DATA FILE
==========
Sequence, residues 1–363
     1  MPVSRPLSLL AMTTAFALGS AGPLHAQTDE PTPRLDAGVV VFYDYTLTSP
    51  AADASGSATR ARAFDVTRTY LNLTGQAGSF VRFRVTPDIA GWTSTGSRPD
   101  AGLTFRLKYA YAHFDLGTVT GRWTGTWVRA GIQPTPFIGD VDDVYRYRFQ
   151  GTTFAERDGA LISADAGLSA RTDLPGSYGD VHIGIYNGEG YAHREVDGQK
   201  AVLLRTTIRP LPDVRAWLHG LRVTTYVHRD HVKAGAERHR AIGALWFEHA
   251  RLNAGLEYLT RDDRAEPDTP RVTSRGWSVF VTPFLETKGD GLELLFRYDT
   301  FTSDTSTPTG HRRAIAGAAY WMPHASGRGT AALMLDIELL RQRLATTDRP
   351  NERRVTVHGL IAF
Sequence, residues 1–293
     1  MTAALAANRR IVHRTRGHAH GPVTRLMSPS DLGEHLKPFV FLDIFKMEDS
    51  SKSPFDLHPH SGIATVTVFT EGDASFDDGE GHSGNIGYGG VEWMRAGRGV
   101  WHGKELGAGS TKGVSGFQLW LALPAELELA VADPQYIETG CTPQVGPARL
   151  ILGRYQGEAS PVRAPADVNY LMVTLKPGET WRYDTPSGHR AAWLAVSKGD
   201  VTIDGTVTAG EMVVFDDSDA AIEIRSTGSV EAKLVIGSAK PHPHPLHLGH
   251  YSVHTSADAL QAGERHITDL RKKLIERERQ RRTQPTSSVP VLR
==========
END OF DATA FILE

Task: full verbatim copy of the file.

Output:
Sequence, residues 1–363
     1  MPVSRPLSLL AMTTAFALGS AGPLHAQTDE PTPRLDAGVV VFYDYTLTSP
    51  AADASGSATR ARAFDVTRTY LNLTGQAGSF VRFRVTPDIA GWTSTGSRPD
   101  AGLTFRLKYA YAHFDLGTVT GRWTGTWVRA GIQPTPFIGD VDDVYRYRFQ
   151  GTTFAERDGA LISADAGLSA RTDLPGSYGD VHIGIYNGEG YAHREVDGQK
   201  AVLLRTTIRP LPDVRAWLHG LRVTTYVHRD HVKAGAERHR AIGALWFEHA
   251  RLNAGLEYLT RDDRAEPDTP RVTSRGWSVF VTPFLETKGD GLELLFRYDT
   301  FTSDTSTPTG HRRAIAGAAY WMPHASGRGT AALMLDIELL RQRLATTDRP
   351  NERRVTVHGL IAF
Sequence, residues 1–293
     1  MTAALAANRR IVHRTRGHAH GPVTRLMSPS DLGEHLKPFV FLDIFKMEDS
    51  SKSPFDLHPH SGIATVTVFT EGDASFDDGE GHSGNIGYGG VEWMRAGRGV
   101  WHGKELGAGS TKGVSGFQLW LALPAELELA VADPQYIETG CTPQVGPARL
   151  ILGRYQGEAS PVRAPADVNY LMVTLKPGET WRYDTPSGHR AAWLAVSKGD
   201  VTIDGTVTAG EMVVFDDSDA AIEIRSTGSV EAKLVIGSAK PHPHPLHLGH
   251  YSVHTSADAL QAGERHITDL RKKLIERERQ RRTQPTSSVP VLR